The CAPEX to sales ratio of NAND Flash suppliers have likewise risen substantially following the transition to 3D NAND technology in 2017. Notably, the average CAPEX to sales ratio fell within the 25-30% range prior to 2017, but it has since climbed to nearly 40% as of now. This growth can primarily be attributed to the fact that, as the number of 3D NAND layers increases, there is a corresponding increase in the lead times of NAND Flash products and in the degree of precision as well as difficulty involved in the etching process. While the mainstream layer count of NAND Flash products approaches 1YY layers, suppliers are currently planning to move forward with the development of products with 2XX layers, which place an ever-increasing demand on etch depth. The CAPEX of NAND Flash suppliers will continue to grow alongside increases in layer count and revenue.

TrendForce indicates that NAND Flash layer-stacking technology will continue to progress, meaning suppliers will continue to pursue the stacking of additional layers as a way to lower their manufacturing cost per GB. As such, the NAND Flash industry’s CAPEX will have additional potential for growth going forward, with a CAPEX to sales ratio of close to 40% or above. It should be noted, however, that if total NAND Flash revenue fails to keep pace with the growth in CAPEX in the next few years, NAND Flash suppliers’ CAPEX to sales ratio may potentially undergo an excessive increase, thereby constraining the profitability of suppliers.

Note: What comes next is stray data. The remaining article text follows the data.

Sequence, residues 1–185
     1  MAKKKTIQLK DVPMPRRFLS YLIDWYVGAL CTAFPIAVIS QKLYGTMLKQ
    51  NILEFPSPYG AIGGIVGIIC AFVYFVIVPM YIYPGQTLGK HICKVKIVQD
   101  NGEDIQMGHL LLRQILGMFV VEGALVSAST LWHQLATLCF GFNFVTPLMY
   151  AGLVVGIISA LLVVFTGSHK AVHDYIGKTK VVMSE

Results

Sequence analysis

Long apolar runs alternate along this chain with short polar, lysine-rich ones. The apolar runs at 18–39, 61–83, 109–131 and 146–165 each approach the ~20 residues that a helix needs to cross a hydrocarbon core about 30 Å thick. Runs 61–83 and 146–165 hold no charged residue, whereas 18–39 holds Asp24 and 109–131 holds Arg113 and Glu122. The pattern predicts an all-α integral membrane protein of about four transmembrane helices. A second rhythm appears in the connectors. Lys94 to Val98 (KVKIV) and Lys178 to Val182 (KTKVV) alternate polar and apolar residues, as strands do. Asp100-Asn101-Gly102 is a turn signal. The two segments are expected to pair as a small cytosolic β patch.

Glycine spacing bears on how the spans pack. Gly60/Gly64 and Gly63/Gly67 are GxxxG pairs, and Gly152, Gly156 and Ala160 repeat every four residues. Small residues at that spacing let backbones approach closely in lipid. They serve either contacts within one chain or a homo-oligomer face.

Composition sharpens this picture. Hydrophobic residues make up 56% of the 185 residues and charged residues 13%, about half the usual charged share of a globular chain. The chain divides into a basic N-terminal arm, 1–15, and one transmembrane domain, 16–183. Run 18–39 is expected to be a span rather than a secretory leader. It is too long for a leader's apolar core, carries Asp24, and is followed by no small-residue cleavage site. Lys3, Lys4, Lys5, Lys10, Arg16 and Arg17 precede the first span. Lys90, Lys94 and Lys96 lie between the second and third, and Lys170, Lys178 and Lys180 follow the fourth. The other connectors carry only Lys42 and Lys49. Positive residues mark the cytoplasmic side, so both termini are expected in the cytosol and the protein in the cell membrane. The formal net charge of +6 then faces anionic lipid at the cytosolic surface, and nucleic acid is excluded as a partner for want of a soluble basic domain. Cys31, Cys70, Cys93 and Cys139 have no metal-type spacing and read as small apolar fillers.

For more information on reports and market data from TrendForce’s Department of Semiconductor Research, please click here, or email Ms. Latte Chung from the Sales Department at lattechung@trendforce.com

2021-11-02

Quarterly Notebook Panel Shipment Reaches Historical High of 72.27 Million Pcs in 3Q21 Thanks to High Demand for Commercial Notebooks, Says TrendForce